In recent years Misean Cara has been exploring what is distinctive about how missionary, faith-based actors approach development.
“It’s about being there for the long haul, staying with a community and tackling issues together.”
Sr. Kate Nolan, RSHM, at the Misean Cara Learning Event.
Misean Cara’s ongoing exploration of the Missionary Approach to Development Interventions (MADI) has led to the development of a Learning Brief on the subject. ‘Missionary Approach to Development Interventions: Reflections on missionary and wider faith-based approaches to development‘ goes from the particular (the Missionary Approach), to the general (Religion and Development), and draws on insights from a May 2018 Misean Cara Learning Event on faith-based and missionary approaches.
‘Crossing Boundaries and Development: Missionary and Faith-Based Approaches to Development‘ was held on 31st May 2018 at Wood Quay Venue in Dublin. The event heard from national and international speakers including Rick Van Der Woud from Mensen Met Een Missie in the Netherlands, Caitriona Dejean from Tearfund in the UK, Sr. Kate Nolan from the Religious of the Sacred Heart of Mary, and Seamus O’Leary from Misean Cara.
“Missionaries lift boundaries imposed by circumstance, by poverty and by injustice so that all can live the life they value.”
Seamus O’Leary, at the Misean Cara Learning Event.
The purpose of the event was to bring together a number of different perspectives on faith-based and missionary development and humanitarian work. The gathering was exploratory in nature; the high level of participation and the diversity of backgrounds gave an indication of the interest in the topic.
What Makes the Missionary Approach Unique?
Missionaries do not necessarily see themselves as development workers in the commonly understood sense of the term, but they do the work of development and humanitarian relief. Informed by their identity as missionaries, inspired by the Gospel, and responding to God’s call to work for a better life for all, they adopt a particular approach to the work that they do.
Missionary organisations are driven to bring opportunity to poor, vulnerable and marginalised communities in developing countries, with the objective of enabling people to live full and dignified lives.
Research conducted for Misean Cara in 2017 identified five key features which, when taken in combination, describe a way of doing development work that is unique to missionaries. Other development agencies, including faith-based organisations, may exhibit one or more of the characteristics, but usually not all in combination.
Five Key Features
The five key features of the Missionary Approach are outlined below:
- Crossing boundaries as part of a global missionary movement. The missionary approach of moving across various boundaries such as those of nationality, of identity, of marginalisation, of the accepted status quo.
- Long-term commitment: This provides missionaries with insight into the local context, culture and practices, and affords them a high degree of credibility, trust and influence within the communities where they work.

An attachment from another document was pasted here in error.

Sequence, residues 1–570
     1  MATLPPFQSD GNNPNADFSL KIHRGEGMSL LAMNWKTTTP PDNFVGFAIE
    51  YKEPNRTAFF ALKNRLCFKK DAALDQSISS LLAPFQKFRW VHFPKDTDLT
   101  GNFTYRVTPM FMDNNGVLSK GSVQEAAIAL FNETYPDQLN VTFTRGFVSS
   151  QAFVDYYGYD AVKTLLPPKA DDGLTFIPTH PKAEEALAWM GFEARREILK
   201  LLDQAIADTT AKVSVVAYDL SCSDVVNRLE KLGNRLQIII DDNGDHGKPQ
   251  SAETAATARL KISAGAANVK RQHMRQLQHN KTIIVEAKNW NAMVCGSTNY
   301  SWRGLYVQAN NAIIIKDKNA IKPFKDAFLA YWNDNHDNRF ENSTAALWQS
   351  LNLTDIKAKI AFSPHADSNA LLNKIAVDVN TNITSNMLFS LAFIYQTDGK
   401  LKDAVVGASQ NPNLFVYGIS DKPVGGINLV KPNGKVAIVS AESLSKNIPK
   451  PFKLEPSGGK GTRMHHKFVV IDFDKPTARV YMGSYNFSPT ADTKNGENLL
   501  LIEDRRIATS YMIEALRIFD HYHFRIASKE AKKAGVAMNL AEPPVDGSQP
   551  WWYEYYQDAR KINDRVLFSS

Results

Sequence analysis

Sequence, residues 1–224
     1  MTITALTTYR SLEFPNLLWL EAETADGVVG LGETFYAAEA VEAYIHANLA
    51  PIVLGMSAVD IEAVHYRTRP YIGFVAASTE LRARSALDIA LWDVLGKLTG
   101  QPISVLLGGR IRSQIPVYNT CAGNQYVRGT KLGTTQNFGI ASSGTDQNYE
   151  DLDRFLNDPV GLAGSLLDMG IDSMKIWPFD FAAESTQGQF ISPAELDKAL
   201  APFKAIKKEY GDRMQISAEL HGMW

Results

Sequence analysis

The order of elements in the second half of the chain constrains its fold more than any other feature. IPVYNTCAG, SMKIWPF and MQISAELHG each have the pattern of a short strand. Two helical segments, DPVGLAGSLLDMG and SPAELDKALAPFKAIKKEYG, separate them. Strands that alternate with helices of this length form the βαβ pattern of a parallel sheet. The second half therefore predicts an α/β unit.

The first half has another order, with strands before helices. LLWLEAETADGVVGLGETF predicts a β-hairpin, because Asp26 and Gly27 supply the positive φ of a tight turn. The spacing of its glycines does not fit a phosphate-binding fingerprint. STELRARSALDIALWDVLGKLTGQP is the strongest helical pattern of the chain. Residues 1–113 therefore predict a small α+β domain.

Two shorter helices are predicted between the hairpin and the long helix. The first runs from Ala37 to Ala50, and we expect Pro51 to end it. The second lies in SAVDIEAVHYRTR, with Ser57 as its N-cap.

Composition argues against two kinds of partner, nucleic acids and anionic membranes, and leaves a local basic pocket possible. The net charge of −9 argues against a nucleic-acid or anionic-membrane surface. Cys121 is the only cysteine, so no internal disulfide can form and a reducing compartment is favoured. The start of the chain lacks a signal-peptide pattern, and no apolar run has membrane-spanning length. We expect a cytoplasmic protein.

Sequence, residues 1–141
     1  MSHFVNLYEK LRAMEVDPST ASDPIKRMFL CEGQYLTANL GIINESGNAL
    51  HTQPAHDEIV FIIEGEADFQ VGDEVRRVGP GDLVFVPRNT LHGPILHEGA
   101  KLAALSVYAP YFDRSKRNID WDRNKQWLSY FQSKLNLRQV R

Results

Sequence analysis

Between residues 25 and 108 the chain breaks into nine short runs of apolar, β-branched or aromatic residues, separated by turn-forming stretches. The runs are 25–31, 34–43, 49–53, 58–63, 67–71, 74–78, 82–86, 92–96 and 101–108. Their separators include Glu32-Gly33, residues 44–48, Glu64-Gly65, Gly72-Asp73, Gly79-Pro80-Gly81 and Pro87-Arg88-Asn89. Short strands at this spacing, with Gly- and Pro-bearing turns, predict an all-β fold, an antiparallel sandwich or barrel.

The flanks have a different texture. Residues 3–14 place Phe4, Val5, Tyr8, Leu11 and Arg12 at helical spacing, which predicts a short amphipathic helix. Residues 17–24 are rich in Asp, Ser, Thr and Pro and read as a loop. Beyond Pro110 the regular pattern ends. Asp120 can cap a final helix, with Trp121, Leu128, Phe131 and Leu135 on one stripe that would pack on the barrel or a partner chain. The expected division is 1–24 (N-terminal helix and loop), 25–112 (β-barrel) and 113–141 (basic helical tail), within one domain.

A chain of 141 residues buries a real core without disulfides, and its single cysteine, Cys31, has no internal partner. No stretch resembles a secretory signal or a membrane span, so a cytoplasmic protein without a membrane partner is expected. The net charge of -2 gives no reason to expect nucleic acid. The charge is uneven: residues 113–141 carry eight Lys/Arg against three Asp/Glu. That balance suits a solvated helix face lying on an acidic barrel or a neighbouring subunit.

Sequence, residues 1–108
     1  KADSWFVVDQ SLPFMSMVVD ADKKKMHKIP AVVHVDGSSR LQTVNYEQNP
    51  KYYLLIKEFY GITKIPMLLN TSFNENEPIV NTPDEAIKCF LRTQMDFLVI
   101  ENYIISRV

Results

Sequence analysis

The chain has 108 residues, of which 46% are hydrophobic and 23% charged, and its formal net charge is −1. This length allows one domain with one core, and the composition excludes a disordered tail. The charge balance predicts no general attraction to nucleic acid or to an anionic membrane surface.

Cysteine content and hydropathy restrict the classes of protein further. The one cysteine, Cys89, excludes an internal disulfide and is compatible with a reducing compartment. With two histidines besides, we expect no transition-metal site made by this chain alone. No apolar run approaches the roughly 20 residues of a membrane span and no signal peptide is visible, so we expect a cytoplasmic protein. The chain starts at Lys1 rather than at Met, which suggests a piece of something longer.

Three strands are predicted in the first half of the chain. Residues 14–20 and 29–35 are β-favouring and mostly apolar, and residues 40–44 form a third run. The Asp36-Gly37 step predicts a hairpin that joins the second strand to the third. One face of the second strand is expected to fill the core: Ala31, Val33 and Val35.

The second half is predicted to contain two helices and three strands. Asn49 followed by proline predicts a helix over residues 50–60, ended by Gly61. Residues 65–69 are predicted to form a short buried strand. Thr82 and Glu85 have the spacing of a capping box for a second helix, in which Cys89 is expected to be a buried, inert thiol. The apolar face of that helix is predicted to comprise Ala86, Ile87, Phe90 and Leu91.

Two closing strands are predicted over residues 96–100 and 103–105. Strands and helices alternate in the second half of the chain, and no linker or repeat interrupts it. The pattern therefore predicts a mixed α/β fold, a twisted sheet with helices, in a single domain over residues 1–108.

- Personal witness of commitment to missionary values: a high level of dedication to their work, a simple lifestyle and solidarity with the poor, this enables missionaries to build trust and respect in communities.
- Prophetic vision: driven by a desire for a better life for all, missionaries work with communities, building on their inherent knowledge, strengths and capacities to identify and address needs, and exploit opportunities as they arise.
- Holistic approach: missionaries see and treat individuals and communities not just as beneficiaries of a specific project, but as dignified human beings with a wide range of capacities, needs and rights to be addressed.
The diagram below is a visual representative of how the combination of these five core features come together to reflect the unique approach of missionaries.
Watch the Videos
Misean Cara has produced a series of videos on the Missionary Approach to discuss and reflect on these five key features. This multimedia project combines the voices of missionaries with archive footage from Misean Cara members, videos and photographs taken in the field, and video interviews. These videos are the beginning of a longer-term project to document the Missionary Approach. You can view the ‘Long-term Commitment‘ video below which discusses the first of these five key features.
All five videos are available to view on Misean Cara’s Vimeo page.
Misean Cara’s Learning and Development Manager, Seamus O’Leary will speak at several international events later this year on the Missionary Approach, including one in the Netherlands in September, and a second in Canada in November. To keep up to date with Misean Cara news, and learn more about these events, follow us on Twitter (@MiseanCara).
Click here to read the Learning Brief.
Click here to learn more about the ‘Crossing Boundaries and Development’ event.
Featured Image: Sr Teddy Nankumbi with William, Assumpta, Ian and Badru at the Special Needs Centre in Kauga, Uganda, run by the Sisters of the Sacred Heart of Jesus and Mary. The centre provides support to children with disabilities and their parents. Photo by Sam Whelan-Curtin.